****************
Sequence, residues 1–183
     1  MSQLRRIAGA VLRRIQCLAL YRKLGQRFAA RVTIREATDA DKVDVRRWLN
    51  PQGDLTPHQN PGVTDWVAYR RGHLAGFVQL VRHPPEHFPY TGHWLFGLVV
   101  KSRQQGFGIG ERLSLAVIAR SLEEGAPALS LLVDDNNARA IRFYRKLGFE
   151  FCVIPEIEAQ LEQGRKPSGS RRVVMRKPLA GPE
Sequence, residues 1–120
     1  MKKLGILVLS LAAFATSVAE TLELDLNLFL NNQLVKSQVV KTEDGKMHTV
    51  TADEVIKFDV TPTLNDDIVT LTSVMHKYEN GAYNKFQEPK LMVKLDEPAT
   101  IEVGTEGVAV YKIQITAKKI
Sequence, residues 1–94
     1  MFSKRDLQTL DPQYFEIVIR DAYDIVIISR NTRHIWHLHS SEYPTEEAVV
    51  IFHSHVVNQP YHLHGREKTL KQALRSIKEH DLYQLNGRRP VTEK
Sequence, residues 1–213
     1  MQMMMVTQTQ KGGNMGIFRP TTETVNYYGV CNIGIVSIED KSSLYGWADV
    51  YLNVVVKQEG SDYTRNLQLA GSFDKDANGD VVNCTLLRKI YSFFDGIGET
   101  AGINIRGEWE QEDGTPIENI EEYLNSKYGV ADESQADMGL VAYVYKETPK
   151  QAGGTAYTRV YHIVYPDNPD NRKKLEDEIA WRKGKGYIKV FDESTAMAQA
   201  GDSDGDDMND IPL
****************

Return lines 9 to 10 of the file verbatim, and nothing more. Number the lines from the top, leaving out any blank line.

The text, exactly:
   101  IEVGTEGVAV YKIQITAKKI
Sequence, residues 1–94